These are the readers who are willing to frolic along with you through the land of “What Could Be”. But that means you’re going to have to really wow them.
If your idea fails to blow their hair back, they will skip along to someone else’s grand vision of the future. Articles and blog posts where you expound your ideas should resonate with these people, as will interviews, podcasts, and videos where you talk about these concepts.
These thinkers want humanized content and emotional connections: Personal stories, highlights of the people involved in a project and examples that spotlight the people behind the content.
Internet marketers do very well with this kind of content.
Have you ever noticed that many pushers of information products in our industry have a story that goes a little something like this:
- I was working in a field that didn’t fulfill me personally or financially.
- I got really sick (or someone close to me got really sick).
- From my hospital bed I came up with this tactic/product/system.
- It was successful… and if I could be successful from a hospital room, just imagine what you could do!
Now, I’m not saying that anyone who has a story like this is lying. I’m sure there were plenty of bedridden Internet Marketers who found success.
However, it really hits social thinkers on all levels, doesn’t it? In these cases, you really need to emphasize the personal connection. Blog posts and articles that focus on people, not ideas, should go over well. Interviews are the epitome of social content. Videos and and podcasts will also be very effective here, particularly if more than one person is involved.
Intelligent Content Development
Now that you know about the different kinds of thinkers out there and how to craft content to their liking, how should you bring it all together?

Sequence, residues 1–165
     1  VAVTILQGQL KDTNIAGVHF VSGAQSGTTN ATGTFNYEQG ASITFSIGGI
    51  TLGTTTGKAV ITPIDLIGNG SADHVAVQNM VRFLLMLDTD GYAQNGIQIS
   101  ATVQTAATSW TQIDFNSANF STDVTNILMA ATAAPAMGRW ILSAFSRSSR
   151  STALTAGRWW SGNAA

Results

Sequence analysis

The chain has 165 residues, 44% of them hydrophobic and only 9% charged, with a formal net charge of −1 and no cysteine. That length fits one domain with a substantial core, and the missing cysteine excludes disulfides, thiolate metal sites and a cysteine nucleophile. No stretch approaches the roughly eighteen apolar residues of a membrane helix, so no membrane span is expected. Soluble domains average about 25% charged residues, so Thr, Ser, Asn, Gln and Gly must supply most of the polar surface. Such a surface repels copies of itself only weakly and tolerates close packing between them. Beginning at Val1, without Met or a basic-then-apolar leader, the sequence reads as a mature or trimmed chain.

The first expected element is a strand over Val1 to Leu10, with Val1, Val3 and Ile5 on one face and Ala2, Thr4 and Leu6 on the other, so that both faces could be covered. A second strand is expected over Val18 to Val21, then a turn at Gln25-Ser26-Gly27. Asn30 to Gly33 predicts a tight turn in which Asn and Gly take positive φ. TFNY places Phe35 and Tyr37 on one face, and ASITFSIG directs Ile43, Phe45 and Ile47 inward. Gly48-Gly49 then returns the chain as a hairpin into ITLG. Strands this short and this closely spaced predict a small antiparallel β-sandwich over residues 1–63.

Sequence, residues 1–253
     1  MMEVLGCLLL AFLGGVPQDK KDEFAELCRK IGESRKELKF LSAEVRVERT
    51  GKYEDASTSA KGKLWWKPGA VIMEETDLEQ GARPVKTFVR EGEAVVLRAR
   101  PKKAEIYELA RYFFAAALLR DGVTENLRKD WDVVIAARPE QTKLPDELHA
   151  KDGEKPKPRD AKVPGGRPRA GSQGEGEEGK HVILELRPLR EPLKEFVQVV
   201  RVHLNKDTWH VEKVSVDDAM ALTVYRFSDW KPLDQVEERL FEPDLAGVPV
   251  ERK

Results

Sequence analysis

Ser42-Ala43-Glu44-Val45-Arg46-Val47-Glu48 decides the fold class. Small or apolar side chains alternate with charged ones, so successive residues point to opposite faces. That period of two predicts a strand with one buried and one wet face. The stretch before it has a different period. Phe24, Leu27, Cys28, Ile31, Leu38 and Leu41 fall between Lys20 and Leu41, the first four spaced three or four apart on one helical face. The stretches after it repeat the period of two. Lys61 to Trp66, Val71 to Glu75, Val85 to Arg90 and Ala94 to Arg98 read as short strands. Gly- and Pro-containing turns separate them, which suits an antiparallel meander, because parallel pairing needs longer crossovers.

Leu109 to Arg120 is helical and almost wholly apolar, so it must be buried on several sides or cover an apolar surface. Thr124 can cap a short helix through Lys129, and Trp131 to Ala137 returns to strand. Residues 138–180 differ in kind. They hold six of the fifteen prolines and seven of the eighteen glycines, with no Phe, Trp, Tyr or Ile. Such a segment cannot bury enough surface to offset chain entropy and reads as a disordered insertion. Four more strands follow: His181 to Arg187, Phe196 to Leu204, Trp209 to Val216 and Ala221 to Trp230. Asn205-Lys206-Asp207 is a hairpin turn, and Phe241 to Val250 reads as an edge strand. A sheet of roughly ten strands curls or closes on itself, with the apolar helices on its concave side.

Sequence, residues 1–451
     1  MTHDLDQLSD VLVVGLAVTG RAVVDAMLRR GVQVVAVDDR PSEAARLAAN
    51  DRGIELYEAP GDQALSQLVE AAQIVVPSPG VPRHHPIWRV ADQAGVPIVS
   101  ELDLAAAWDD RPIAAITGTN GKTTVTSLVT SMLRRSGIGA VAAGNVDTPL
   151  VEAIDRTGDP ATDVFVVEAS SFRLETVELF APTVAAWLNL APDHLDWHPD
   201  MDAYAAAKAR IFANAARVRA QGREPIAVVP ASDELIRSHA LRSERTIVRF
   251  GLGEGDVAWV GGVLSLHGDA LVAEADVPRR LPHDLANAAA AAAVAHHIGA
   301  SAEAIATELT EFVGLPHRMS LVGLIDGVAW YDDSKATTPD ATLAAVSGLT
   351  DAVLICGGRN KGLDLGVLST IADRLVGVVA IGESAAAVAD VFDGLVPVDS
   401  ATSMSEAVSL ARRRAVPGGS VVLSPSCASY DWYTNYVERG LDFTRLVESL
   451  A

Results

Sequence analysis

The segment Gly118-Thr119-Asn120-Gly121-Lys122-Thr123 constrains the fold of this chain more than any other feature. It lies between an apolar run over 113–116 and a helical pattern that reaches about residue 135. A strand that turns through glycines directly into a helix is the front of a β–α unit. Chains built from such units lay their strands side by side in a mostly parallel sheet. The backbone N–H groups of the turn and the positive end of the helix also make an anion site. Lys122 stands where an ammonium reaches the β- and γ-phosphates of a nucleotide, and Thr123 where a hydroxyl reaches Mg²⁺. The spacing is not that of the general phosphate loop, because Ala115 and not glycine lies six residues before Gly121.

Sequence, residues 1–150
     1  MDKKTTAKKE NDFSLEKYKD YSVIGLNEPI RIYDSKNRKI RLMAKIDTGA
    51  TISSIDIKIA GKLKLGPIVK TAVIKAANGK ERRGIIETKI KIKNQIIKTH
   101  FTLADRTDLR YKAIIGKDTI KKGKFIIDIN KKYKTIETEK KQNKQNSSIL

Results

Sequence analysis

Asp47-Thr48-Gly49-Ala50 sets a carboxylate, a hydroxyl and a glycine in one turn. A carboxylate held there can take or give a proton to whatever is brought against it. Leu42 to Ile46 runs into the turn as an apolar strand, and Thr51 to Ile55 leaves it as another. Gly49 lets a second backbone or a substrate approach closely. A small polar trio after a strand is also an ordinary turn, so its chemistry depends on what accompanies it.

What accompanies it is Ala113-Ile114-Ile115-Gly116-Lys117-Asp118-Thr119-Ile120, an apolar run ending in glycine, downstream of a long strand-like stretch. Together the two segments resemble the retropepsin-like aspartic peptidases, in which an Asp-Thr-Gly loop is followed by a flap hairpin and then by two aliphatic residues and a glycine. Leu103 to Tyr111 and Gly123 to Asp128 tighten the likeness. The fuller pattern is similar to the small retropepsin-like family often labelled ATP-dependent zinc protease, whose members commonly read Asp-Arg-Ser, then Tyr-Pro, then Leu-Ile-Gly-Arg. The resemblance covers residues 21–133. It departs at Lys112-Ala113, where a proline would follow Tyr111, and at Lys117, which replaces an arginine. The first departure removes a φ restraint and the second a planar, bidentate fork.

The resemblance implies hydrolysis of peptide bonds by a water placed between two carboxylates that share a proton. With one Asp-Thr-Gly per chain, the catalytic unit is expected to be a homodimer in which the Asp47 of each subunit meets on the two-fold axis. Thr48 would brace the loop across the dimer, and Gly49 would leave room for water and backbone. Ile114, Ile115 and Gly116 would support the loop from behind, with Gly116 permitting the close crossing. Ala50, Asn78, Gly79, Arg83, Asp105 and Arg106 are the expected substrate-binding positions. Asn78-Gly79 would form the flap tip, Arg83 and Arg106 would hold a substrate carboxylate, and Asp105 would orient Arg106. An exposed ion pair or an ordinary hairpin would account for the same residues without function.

Looking at that list, it’s very clear that content that might be a masterpiece to one group of thinkers might be an annoying time suck to another. So, the best approach would probably be to use a content development process that hits all four types of thinkers as much as possible.
Here Berry opens with a very involved anecdote about his life or something close to him (Social). He then presents a running list of who you should play and who should avoid at each position (Structural) backed up with facts and analysis (Analytical). He’ll also offer wild ideas and ways of looking at the game that bucks traditional thinking (Conceptual).
Now, that’s not always going to work for everyone and, quite honestly, you might find you hate creating some kinds of content.
If that’s the case, don’t force it.
Creating content is hard enough without wanting to throw your laptop out of a window because you hate how you “have” to write. Understand that some pieces just won’t resonate with some readers and that you can’t please everyone.
Look through your most popular content and analyze it for the features that would appeal to these different thinkers. If you keep seeing the same type of content, then maybe you’ve built a following of like-minded thinkers.
In that case, keep on doing what works!
What are your thoughts? What kind of thinker are you? Tell us in the comments!